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A large body of the burghers had already set out to join the rebel army, but a good number had remained behind to guard the city, and these were reinforced by gangs of peasants, like the one to which we had attached ourselves, who had trooped in from the surrounding country, and now divided their time between listening to their favourite preachers and learning to step in line and to handle their weapons. In yard, street, and market-square there was marching and drilling, night, morning, and noon. As we rode out after breakfast the whole town was ringing with the shouting of orders and the clatter of arms. Our own friends of yesterday marched into the market-place at the moment we entered it, and no sooner did they catch sight of us than they plucked off their hats and cheered lustily, nor would they desist until we cantered over to them and took our places at their head.
'They have vowed that none other should lead them,' said the minister, standing by Saxon's stirrup.
'I could not wish to lead stouter fellows,' said he. 'Let them deploy into double line in front of the town-hall. So, so, smartly there, rear rank!' he shouted, facing his horse towards them. 'Now swing round into position. Keep your ground, left flank, and let the others pivot upon you. So--as hard and as straight as an Andrea Ferrara. I prythee, friend, do not carry your pike as though it were a hoe, though I trust you will do some weeding in the Lord's vineyard with it. And you, sir, your musquetoon should be sloped upon your shoulder, and not borne under your arm like a dandy's cane. Did ever an unhappy soldier find himself called upon to make order among so motley a crew! Even my good friend the Fleming cannot so avail here, nor does Petrinus, in his "De re militari," lay down any injunctions as to the method of drilling a man who is armed with a sickle or a scythe.'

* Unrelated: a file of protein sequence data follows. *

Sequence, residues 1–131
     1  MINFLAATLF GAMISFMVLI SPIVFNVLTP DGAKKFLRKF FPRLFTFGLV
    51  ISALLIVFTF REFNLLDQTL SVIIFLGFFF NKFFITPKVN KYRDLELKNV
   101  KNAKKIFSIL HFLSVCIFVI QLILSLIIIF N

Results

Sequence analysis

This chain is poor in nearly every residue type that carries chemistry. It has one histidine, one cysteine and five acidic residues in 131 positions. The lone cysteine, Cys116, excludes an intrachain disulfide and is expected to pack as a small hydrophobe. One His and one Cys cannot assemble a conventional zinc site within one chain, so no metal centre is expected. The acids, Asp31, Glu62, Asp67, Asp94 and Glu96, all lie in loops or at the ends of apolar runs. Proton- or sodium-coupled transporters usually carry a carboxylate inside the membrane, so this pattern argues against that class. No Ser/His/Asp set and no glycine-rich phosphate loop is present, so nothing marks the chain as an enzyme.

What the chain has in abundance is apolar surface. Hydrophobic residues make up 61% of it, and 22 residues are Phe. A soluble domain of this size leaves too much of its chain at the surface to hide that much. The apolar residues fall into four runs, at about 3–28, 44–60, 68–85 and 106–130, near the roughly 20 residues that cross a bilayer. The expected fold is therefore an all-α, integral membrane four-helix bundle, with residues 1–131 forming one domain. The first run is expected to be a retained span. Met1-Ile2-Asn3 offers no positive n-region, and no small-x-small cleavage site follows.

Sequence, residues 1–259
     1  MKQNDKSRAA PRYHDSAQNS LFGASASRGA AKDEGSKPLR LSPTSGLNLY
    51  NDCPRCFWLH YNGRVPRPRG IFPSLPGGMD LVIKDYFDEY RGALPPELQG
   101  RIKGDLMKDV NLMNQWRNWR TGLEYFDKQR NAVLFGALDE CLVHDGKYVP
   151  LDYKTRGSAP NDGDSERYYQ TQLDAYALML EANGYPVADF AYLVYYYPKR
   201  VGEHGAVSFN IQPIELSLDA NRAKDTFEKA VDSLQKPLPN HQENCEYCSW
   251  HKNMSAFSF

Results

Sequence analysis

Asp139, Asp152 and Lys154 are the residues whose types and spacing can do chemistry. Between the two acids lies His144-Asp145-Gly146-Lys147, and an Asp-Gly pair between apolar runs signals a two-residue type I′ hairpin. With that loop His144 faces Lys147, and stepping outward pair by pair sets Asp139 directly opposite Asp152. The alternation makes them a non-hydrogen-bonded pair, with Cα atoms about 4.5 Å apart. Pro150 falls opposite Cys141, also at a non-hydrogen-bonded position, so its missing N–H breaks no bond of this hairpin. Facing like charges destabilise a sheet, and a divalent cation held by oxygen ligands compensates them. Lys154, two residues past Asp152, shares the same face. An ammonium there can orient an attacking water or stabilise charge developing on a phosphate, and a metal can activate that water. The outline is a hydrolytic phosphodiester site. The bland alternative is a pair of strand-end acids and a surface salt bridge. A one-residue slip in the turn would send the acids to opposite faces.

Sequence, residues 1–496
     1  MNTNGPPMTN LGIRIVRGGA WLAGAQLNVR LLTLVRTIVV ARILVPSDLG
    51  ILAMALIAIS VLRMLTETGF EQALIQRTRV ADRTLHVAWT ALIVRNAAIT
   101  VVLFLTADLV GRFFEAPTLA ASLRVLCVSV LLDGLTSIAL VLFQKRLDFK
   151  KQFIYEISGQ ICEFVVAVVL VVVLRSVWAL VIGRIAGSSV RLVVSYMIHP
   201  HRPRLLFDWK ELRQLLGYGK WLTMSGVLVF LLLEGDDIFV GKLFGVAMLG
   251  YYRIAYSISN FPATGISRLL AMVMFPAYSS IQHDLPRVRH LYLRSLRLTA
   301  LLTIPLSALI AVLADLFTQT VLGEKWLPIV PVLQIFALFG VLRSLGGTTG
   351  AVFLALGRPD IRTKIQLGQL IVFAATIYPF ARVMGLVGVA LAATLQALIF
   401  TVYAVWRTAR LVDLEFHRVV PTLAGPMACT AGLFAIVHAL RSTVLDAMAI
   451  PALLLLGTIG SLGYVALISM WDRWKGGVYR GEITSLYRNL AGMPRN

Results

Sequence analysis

'Shoulder scythe, port scythe, present scythe--mow!' whispered Reuben to Sir Gervas, and the pair began to laugh, heedless of the angry frowns of Saxon.
'Let us divide them,' he said, 'into three companies of eighty men. Or stay--how many musketeers have we in all? Five-and-fifty. Let them stand forward, and form the first line or company. Sir Gervas Jerome, you have officered the militia of your county, and have doubtless some knowledge of the manual exercise. If I am commandant of this force I hand over the captaincy of this company to you. It shall be the first line in battle, a position which I know you will not be averse to.'
'Gad, they'll have to powder their heads,' said Sir Gervas, with decision.
'You shall have the entire ordering of them,' Saxon answered. 'Let the first company take six paces to the front--so! Now let the pikemen stand out. Eighty-seven, a serviceable company! Lockarby, do you take these men in hand, and never forget that the German wars have proved that the best of horse has no more chance against steady pikemen than the waves against a crag. Take the captaincy of the second company, and ride at their head.'